Your temperature specs were formatted to oblivion, but it seems you want to heat something as apposed to cool it.
There is no need for a "semiconductor". Resistors are excellent and efficient converters of electric power to heat power. You can also know just from looking at the voltage or current (and knowing the resistance) how much heat it is producing.
Again, we can't tell what temperatures you want to achieve, but a thermistor might be good. These are resistors with the resistance being a function of temperature. If you want one to be at a particular temperature, you measure the voltage and current accross it to determine the resistance, then vary the voltage (or current) it is being driven with to increase or decrease its temperature as appropriate. This will, of course, require some additional parts for temperature control. A microcontroller would be great for that since it can do the resistance calculation, which requires division.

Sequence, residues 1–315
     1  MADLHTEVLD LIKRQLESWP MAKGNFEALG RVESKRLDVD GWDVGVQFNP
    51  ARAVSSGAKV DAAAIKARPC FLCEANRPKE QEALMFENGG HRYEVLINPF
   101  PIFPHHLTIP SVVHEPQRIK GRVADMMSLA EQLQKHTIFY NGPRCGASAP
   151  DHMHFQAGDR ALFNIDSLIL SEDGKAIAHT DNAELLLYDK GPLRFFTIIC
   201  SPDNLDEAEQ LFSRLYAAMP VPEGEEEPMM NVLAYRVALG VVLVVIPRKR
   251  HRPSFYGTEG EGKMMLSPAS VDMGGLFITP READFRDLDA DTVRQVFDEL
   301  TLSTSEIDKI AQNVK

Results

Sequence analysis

If you want to actively regulate temperature, you are going to need more than a power supply and a single device. The closest I can think of is a bi-metallic element actuating a switch. This opens the switch when the element gets to a certain temperature, and closes it again when it cools. These will have some mechanical hysteresis, so the temperature will bounce between the two hysteresis limits. Technically, this is two parts, the bi-metallic element and a switch, but you can find these integrated into a single package. This is how automobile and christmas tree light flashers used to work. Old automobile voltage regulators also worked on this principle.